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Booster Shots And Additional Primary Doses

A booster shot is for people who built enough protection after completing their primary vaccine series, but then that protection decreased over time. Everyone ages 16 years and older who is fully vaccinated can get a booster. Learn more about getting a COVID-19 vaccine booster shot.

An additional primary dose is for people who did not build enough or any protection from their primary vaccine series. This appears to be the case for some immunocompromised people who received Pfizer-BioNTech or Moderna COVID-19 vaccines.

Currently, moderately or severely immunocompromised people ages 18 years and older who completed their Moderna vaccine primary series should plan to get an additional primary dose 28 days after receiving their second shot. People ages 12 years and older who completed their Pfizer-BioNTech vaccine primary series should also plan to get an additional primary dose 28 days after receiving their second shot.

Mrna Vaccines Are Newly Available To The Public But Have Been Studied For Decades

Researchers have been studying and working with mRNA vaccines for decades. Interest has grown in these vaccines because they can be developed in a laboratory using readily available materials. This means vaccines can be developed and produced in large quantities faster than with other methods for making vaccines.

mRNA vaccines have been studied before for flu, Zika, rabies, and cytomegalovirus . As soon as the necessary information about the virus that causes COVID-19 was available, scientists began designing the mRNA instructions for cells to build the unique spike protein into an mRNA vaccine.

Future mRNA vaccine technology may allow for one vaccine to provide protection against multiple diseases, thus decreasing the number of shots needed for protection against common vaccine-preventable diseases.

Beyond vaccines, cancer research has used mRNA to trigger the immune system to target specific cancer cells.

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How Messenger Rna Vaccines Work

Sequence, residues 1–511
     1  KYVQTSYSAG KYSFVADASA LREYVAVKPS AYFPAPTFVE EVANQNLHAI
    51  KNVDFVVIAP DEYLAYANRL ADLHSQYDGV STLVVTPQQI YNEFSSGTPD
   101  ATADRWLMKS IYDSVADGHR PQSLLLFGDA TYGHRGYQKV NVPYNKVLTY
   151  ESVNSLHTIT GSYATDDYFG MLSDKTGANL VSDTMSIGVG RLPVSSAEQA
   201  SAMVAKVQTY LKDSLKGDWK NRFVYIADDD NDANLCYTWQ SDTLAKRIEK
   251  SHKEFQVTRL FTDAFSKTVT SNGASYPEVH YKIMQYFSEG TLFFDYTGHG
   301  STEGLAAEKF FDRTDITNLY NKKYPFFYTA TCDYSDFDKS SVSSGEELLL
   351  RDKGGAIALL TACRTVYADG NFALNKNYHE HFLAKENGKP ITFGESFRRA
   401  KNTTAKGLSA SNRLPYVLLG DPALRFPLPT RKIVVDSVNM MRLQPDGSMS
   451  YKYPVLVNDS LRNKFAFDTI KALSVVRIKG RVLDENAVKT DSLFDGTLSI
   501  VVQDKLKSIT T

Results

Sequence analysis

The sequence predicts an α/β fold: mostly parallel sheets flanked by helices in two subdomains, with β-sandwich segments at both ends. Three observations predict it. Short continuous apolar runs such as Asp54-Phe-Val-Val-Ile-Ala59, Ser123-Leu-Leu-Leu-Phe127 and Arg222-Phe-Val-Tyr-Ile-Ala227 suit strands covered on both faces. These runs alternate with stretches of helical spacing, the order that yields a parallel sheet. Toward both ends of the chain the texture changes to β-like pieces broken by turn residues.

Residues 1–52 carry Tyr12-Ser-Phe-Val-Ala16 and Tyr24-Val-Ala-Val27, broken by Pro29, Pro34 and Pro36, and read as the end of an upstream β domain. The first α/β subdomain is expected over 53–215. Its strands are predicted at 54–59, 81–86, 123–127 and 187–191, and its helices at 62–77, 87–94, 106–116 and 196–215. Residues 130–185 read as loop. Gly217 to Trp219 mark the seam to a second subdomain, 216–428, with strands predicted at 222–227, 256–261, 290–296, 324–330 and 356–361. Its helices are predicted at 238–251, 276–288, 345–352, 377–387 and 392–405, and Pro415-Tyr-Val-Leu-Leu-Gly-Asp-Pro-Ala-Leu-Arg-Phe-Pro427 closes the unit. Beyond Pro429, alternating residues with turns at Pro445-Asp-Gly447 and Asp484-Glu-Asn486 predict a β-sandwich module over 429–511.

In order to develop these vaccines, researchers took the RNA-based genetic sequence of the coronavirus and turned it into DNA. This crucial step allowed them to identify the instructions necessary to create the spike protein, engineer corresponding synthetic mRNA and package that into their vaccines.

mRNA, as its moniker implies, is a messenger. This particular type of RNA is tasked with delivering messages to microscopic cellular machines called ribosomes, located in the cytoplasm of our cells, which are responsible for synthesizing proteins. Those ribosomes then interpret that message to make proteins and start executing its instructions, explained Phillip Sharp, a molecular biologist and MIT professor who shared the 1993 Nobel Prize in physiology or medicine for his contribution to our understanding of RNA.

Dendritic cells, the watchdogs of the immune system, play an essential role in responding to pathogens. They patrol the body in search of foreign invaders and, when they find one, start stimulating an immune response. When these cells encounter mRNA thats been injected via vaccination, their ribosomes decode the message and allow the cells to temporarily display spike proteins identical to the ones found on the coronaviruss exterior, Weissman said.

Dendritic cells make the spike protein and then they present it to other immune cells and activate them to start the immune response, he added.

Q: Must Vaccine Providers Give A Hard Copy Of The Authorized Vaccine Information Fact Sheet For Recipients And Caregivers To The Individual When They Get Each Dose Of Their Vaccine

How Covishield, Covaxin & Pfizer’s Covid Vaccine Work?